On The Japanese Style Of Go

British Go Journal No. 19. January 1973. Page 7a.

J. T. Fairbairn, 2d

Having written recently on swindles I offer my Views on the Japanese attitude towards the matter, which will partly explain the Japanese style of Go. The following 3 points are important:

  1. The Japanese are bound by rituals and conventions all designed to preserve social harmony. Recent Westernisation is not really changing this at the root level, but only on the surface. Life is governed, like games, by clearly defined rules. When a game is played, therefore, it must be played with the same restraint as called for in social situations. This means also that victory must be won by skill to be respected, because only by such a victory can the winner show that the loser was wrong rather than simply weak, or unfortunate, or cheated. In such games, the loser need not suffer shame, and social harmony is therefore preserved.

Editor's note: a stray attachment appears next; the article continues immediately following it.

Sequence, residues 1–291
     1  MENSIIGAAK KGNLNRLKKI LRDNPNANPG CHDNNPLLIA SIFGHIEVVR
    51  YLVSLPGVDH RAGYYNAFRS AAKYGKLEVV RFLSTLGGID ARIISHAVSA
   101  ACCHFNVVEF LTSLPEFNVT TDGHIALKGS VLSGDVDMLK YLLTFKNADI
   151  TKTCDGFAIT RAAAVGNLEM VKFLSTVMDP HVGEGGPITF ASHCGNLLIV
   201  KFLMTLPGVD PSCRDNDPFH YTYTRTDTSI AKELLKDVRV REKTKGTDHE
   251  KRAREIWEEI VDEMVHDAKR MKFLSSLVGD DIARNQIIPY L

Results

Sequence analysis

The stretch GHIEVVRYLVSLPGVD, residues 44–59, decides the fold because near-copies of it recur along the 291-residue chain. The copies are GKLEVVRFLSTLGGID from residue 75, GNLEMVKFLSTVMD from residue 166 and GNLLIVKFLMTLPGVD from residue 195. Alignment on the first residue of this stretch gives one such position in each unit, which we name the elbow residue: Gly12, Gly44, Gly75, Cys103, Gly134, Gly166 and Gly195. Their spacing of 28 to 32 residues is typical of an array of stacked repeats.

2. Under acknowledged conditions of relaxation (games, alcohol, etc.), the normal deference patterns need not be observed, so a young Go player has no qualms about beating an older one.
  3. Formal games enable the Japanese to hold contests without provoking conflict, and are thus one of the few outlets for the frustration caused by the (to us) repressive social conventions. Violent play can therefore be expected, not only from young hot-headed players, but also from the older ones.

Of the points mentioned, (1) will normally override (2) and (3). With the emphasis on skill, swindles are not actively sought. Obviously, an inferior player does not always have the technique to carry out his plans and he might blunder into what turns out to be a swindle. However, in professional games this is unlikely, and in these games it is possible to detect a purity of play at the best, and at the worst a striving for this purity. This should be looked for in playing over professional games.

Points (2) and (3) also explain some commonly recurring features of professional games. Still others can be explained, perhaps, in terms of a national style and I would be interested to receive comments on this question, and, of course, on the views given above.


This article is from the British Go Journal Issue 19
which is one of a series of back issues now available on the web.

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